"Like many organizations, we considered Istio. But our research led to the conclusion that we would need a team of developers just to run it. It was too complicated, requiring ongoing, active attention—it’s not fire and forget. We looked at other solutions and ended up with a shortlist of half a dozen different options, but the one that stood out was Linkerd."When LeBron scores, latency matters: Realizing 10x throughput while driving down costs and sleeping through the night — Steve Gray, Head of Trading, Entain Australia
"We installed Linkerd and everything was just working right — we didn’t have to add any extra configurations or anything like that. With Istio, we would have had to make a bunch of changes to make everything work." Will Istio or Linkerd Dominate Service Mesh? — Chris Campbell, Platform Architect, HP
"We’ve felt encumbered by [Istio’s] complexity every time when configuring, maintaining or troubleshooting in our clusters. After yet another ‘Oh… This problem was caused by Istio!’-moment, we decided the time was ripe to consider the alternatives. We looked to the grand ol’ Internet for alternatives and fixed our gaze on the rising star Linkerd." Changing service mesh: How we swapped Istio with Linkerd with hardly any downtime — Frode Sundby, Senior Engineer, NAV
The service mesh is here to stay, and Kubernetes users around the world are deciding between Istio and Linkerd. In 2022, engineers are increasingly choosing Linkerd. Why is that?
In this comparison, we’ll walk you through the similarities and differences between the projects and when to choose one over the other.
Istio and Linkerd are both service meshes. The two projects have similar goals: to add reliability, security, and observability to Kubernetes applications. Both projects work by adding transparent “sidecar proxies” alongside application instances, and providing features by through these proxies.
Despite these similarities, the two projects couldn’t be more different. Istio is a “big vendor” project, with the complexity to match. Linkerd takes the opposite approach, focusing on simplicity (especially operational simplicity), performance, and user experience.
We’re biased, of course, but here’s our take on the comparison.
Linkerd is significantly faster than Istio, meaning that your users and customers will experience better performance. In the project’s recent service mesh benchmarks, Linkerd added anywhere from 40% to 400% less latency than Istio did. Why? Linkerd’s state-of-the-art, ultralight Rust “micro-proxy” is designed just for the service mesh use case and can be highly optimized to handle this traffic.
Linkerd consumed significantly fewer system resources than Istio, especially at the critical data plane level (which scales with your application). In the project’s recent service mesh benchmarks, Linkerd used an order of magnitude less CPU and memory than Istio. The primary reason? Linkerd’s ultralight Rust “micro-proxy”, designed specifically for the service mesh use case.
Linkerd makes it easier to build secure systems. Linkerd’s configuration surface area is significantly smaller than that of Istio, and security features like mutual TLS are on by default. The moment you install Linkerd, all communication between meshed pods is automatically encrypted and authenticated with mutual TLS, no configuration required!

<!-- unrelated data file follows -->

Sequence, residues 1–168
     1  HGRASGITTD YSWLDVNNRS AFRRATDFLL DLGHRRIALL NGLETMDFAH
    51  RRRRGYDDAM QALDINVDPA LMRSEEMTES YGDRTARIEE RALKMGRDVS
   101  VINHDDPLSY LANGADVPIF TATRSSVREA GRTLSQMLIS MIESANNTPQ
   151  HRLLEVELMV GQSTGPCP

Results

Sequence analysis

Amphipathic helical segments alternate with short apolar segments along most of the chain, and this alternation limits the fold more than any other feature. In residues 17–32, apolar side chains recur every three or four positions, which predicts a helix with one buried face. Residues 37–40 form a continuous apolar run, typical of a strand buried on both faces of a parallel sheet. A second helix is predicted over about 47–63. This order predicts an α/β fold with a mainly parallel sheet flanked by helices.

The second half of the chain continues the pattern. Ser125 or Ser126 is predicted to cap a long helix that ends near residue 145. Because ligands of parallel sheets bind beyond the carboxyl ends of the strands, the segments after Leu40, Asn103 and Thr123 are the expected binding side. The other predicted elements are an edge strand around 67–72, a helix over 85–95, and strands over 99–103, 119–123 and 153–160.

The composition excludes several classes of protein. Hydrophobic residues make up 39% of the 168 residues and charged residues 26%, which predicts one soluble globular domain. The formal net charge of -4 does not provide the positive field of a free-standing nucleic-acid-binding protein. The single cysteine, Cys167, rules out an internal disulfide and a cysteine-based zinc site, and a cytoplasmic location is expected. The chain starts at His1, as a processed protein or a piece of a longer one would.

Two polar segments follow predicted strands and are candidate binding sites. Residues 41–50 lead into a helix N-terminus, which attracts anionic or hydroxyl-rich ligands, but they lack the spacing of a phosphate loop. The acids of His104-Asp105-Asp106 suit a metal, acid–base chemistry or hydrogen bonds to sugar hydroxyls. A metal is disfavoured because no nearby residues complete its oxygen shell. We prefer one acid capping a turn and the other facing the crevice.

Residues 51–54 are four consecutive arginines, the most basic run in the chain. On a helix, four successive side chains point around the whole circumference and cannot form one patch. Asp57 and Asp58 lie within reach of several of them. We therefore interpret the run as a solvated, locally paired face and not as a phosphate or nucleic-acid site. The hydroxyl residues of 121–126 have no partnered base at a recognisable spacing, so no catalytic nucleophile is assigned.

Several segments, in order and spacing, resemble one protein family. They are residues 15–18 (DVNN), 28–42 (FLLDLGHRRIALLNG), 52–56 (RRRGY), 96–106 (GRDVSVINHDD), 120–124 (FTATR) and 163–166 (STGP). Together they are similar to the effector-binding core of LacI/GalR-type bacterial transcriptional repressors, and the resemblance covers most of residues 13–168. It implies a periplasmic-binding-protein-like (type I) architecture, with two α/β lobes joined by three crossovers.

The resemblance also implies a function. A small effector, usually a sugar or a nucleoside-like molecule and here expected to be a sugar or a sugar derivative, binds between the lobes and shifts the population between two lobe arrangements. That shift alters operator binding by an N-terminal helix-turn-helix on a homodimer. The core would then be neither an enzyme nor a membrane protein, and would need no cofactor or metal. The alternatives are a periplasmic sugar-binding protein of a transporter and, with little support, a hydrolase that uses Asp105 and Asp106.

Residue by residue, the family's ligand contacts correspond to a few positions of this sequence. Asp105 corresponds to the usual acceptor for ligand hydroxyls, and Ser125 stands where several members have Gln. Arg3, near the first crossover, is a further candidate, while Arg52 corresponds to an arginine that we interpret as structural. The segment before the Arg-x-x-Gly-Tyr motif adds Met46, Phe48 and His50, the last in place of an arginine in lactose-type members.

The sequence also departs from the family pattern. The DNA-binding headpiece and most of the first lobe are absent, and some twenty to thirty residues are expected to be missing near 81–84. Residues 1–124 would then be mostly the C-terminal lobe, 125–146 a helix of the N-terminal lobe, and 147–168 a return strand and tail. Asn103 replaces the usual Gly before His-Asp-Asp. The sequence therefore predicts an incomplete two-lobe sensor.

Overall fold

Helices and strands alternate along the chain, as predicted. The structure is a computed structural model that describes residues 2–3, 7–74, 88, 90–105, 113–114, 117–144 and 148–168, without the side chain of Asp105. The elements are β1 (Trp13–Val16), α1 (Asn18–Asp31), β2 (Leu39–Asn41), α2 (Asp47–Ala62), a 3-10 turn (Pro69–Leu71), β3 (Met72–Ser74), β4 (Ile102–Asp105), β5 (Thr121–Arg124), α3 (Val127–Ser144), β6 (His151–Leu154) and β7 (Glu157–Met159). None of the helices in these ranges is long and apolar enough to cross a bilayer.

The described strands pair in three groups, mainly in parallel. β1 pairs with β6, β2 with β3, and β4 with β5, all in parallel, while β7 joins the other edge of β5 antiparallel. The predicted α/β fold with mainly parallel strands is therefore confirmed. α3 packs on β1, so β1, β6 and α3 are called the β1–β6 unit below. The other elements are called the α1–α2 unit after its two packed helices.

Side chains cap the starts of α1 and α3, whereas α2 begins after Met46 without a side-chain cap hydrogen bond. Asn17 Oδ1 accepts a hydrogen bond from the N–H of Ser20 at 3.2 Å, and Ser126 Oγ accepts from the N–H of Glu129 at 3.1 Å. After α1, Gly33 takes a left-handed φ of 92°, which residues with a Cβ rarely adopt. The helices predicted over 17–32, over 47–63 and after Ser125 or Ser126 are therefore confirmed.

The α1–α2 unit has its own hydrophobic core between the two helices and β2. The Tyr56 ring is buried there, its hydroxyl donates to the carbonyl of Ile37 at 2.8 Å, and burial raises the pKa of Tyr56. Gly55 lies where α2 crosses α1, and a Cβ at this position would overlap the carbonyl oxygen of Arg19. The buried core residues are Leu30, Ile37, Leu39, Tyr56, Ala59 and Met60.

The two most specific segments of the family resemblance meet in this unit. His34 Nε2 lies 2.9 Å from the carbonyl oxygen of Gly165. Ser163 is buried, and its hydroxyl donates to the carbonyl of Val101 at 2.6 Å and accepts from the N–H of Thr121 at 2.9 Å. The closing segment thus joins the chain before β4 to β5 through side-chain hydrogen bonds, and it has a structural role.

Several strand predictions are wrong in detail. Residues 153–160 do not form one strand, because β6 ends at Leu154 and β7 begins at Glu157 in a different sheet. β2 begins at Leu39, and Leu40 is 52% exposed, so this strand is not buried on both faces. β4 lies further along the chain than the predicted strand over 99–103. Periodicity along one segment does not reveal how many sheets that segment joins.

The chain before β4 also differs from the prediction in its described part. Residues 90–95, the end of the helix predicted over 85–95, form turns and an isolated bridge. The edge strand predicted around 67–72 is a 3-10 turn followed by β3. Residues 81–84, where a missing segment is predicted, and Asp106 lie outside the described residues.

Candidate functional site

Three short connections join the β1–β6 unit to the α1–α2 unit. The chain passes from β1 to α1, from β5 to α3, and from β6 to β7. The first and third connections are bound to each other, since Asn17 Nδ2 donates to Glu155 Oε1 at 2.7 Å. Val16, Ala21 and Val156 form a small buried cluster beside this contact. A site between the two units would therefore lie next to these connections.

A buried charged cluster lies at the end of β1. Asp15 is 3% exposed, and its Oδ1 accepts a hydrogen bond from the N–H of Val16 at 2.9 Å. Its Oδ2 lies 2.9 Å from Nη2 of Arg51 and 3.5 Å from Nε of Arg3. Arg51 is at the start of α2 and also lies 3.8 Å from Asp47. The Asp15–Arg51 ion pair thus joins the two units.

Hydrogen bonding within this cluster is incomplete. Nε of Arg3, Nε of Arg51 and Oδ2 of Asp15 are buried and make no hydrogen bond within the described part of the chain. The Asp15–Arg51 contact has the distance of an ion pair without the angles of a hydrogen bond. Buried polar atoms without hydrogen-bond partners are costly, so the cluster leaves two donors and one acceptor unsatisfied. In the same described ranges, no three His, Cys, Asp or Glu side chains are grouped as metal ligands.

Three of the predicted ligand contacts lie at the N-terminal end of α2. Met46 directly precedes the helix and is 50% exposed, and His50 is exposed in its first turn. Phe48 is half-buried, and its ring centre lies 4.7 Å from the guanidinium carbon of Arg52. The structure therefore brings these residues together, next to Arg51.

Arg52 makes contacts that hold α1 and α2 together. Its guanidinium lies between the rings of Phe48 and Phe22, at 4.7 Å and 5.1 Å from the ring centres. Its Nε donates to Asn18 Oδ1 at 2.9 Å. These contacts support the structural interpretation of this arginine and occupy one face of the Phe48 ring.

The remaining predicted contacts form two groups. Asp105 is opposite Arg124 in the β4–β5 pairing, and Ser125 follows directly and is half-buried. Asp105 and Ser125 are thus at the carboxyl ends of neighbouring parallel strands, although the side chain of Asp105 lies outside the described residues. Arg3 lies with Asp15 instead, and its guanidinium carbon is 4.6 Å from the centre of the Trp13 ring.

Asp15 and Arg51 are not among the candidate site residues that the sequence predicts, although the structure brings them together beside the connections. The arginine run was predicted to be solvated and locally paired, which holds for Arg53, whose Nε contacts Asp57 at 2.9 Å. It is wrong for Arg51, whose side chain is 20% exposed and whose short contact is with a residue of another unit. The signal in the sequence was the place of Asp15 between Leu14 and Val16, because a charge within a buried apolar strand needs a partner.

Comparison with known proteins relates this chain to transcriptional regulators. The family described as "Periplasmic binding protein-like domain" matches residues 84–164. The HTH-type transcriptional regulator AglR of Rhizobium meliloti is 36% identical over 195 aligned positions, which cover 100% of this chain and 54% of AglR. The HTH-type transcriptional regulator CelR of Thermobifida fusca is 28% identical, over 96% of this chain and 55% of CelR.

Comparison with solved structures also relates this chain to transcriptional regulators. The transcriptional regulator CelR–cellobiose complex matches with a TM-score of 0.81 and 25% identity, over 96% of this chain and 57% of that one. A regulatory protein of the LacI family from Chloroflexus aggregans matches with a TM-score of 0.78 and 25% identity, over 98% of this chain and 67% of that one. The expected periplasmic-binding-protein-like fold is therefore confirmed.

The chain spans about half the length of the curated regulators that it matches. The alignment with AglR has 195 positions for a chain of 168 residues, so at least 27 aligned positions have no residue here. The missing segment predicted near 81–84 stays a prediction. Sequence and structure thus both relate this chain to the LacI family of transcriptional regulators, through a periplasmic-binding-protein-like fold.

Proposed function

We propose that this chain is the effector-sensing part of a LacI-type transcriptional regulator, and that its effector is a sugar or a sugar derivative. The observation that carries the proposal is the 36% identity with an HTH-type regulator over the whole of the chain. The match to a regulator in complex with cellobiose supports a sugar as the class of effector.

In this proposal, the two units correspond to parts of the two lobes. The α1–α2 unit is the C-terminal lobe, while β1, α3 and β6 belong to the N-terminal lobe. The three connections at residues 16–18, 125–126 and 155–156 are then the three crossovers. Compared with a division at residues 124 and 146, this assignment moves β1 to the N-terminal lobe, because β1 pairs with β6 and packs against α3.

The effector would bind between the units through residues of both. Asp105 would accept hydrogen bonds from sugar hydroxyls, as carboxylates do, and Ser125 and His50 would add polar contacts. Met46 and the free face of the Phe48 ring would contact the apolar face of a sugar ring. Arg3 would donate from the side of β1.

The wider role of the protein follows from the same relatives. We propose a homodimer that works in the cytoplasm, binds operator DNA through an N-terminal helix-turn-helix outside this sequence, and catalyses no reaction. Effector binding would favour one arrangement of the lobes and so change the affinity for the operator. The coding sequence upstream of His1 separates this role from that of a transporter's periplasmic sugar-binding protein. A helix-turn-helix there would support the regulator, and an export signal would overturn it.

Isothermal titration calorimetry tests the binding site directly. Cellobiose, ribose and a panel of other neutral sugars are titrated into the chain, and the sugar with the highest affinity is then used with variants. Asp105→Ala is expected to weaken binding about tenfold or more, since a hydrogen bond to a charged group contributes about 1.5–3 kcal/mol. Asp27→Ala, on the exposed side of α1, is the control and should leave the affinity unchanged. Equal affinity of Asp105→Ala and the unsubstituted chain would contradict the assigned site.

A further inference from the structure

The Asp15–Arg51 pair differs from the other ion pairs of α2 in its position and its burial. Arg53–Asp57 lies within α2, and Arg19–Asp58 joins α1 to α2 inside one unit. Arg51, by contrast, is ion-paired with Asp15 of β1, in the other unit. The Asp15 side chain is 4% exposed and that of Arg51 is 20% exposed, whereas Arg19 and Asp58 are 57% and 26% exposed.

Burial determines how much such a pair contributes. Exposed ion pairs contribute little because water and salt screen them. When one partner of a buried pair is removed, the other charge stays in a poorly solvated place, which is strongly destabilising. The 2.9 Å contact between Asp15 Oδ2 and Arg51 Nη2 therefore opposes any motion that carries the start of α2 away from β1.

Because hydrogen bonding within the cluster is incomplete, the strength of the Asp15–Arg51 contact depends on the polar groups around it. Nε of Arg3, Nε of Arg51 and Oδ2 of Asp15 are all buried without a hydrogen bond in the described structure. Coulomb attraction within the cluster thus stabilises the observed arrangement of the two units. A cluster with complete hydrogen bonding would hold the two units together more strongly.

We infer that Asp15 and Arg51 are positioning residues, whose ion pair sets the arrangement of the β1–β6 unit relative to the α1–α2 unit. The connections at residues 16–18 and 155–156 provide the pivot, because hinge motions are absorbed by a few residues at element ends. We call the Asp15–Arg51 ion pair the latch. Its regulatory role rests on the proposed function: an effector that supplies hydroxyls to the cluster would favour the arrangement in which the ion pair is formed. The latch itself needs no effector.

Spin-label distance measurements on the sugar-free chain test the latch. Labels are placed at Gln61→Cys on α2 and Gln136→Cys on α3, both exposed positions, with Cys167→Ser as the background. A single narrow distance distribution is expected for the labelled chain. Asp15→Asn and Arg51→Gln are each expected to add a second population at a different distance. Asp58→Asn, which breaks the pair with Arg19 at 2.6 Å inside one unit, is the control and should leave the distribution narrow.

Istio uses the general-purpose Envoy proxy, which is built on C++, a legacy language known for its memory-related security vulnerabilities. By contrast, Linkerd’s data plane is built in Rust, a language that avoids the entire class of memory-related CVEs through advanced memory management. The Linkerd team believes that the future of the cloud will be built in Rust.
"One astonishing fact sticks out: the majority of vulnerabilities fixed and with a CVE assigned are caused by developers inadvertently inserting memory corruption bugs into their C and C++ code." A proactive approach to more secure code — Microsoft
Linkerd’s core design philosophy is about minimalism: a service mesh should be simple, light, and secure, and do as little as possible to get the job done. Linkerd is especially focused on reducing operational complexity: the human toil involved in maintaining, operating, and being on-call for a production service mesh.
Istio takes a different approach and presents an all-in-one solution. Many features and configurations are supported, from built-in ingress controllers to multiple types of multi-cluster operations. This means that Istio is extremely difficult to operate and configure.
Linkerd is the only graduated service mesh in the Cloud Native Computing Foundation, the same foundation that hosts Kubernetes, Prometheus, and other core cloud native projects. Linkerd has publicly committed to open governance, has over 200+ contributors from all over the world, and a public steering committee of end users.
While Istio support requires going to a third-party vendor, you can get Linkerd support from the creators and maintainers themselves. Linkerd help is available around the clock in a variety of levels, from its thriving and friendly open source community all the way to 24x7x365 Linkerd support from the creators of Linkerd.
If security is a primary concern; if you want a service mesh that “just works” and gets out of your way; if speed and resource consumption are critical; and if you are bought into the Kubernetes model of operations—Linkerd will be the best choice.
But don’t take our word for it: give Linkerd a try and see for yourself. You can follow this Linkerd 101 video tutorial for a step-by-step guide and, if you have questions, just hit us up on the Linkerd Slack. We’re always happy to help!